Co-Inpetto taught me that dealing with privacy data properly offers deeper engagement with talent pools. The PDS (personal data service) idea was born, and innovation became unstoppable.
Co-Inpetto started in the recruitment market for IT professionals and business consultants in 1999, a market that got dominated by the use of LinkedIn. As an economist in HR, I couldn’t go with that flow. LinkedIn had a problematic relationship with the data privacy law and fed the following dynamics:
– a positive feedback loop toward monopolistic dynamics and (1)
– a negative feedback loop toward innovation capability building (2)
A doom scenario was in the making while the way of working started to change fundamentally.
It is getting safer to say, let’s innovate.
A perfect storm is going on.
My first idea of the GDPR was that the complicatedness and administrative burden would suck even more innovation power out of society. A symptom of the sickness of our time, which Paul Bessems calls the trust paradox.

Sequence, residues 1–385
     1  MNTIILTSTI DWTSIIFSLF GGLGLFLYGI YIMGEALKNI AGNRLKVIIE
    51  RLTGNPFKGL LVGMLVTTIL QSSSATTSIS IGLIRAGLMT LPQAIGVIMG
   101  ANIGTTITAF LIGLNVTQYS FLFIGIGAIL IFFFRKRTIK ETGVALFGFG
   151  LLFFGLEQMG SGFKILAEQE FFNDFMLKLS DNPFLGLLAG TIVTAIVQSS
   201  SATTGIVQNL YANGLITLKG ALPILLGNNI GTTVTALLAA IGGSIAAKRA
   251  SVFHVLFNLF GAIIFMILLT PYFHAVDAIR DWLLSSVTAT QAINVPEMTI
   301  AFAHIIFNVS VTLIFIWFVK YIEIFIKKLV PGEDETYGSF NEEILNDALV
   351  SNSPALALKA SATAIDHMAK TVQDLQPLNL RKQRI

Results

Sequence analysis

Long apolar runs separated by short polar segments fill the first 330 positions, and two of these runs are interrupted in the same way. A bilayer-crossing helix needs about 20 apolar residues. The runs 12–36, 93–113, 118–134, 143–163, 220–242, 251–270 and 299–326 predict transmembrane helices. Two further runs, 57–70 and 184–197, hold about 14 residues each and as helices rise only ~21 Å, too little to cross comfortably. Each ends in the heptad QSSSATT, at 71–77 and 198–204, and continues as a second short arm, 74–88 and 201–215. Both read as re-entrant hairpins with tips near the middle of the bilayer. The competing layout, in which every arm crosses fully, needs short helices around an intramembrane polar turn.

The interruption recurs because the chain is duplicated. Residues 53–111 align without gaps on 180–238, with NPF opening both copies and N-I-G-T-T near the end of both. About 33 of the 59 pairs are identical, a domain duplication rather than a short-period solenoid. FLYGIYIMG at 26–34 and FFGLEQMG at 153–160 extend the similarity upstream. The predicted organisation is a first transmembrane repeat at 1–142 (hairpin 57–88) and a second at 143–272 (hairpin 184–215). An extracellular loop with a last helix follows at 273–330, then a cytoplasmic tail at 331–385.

But I have to think again.
GDPR made data privacy law enforcement actionable. Data protection authorities are shaking up the online marketing models of BigTech. Procedures in court were not needed.
Austria’s data protection authority did a shake-up by saying that Google Analytics is illegal. And the data protection authority in Belgium is making the online marketing business nearly obsolete by making cookies very difficult. Law is getting its effect.
The platform jobs are on the political agenda, and the great resignation shows that organizations AND job candidates are trying to find their sweet spots to create better prosperity (3).
The data infrastructure that will underpin the new match- and
transaction-making is rolling out. Each individual will have a personal
digital twin to start the conversation. Contact me if you want to check
out how you can go first.
(1) and (2) learn more about feedback loops in complex systems here.
(3) Read professor Linda Gratton on The Great Resignation here.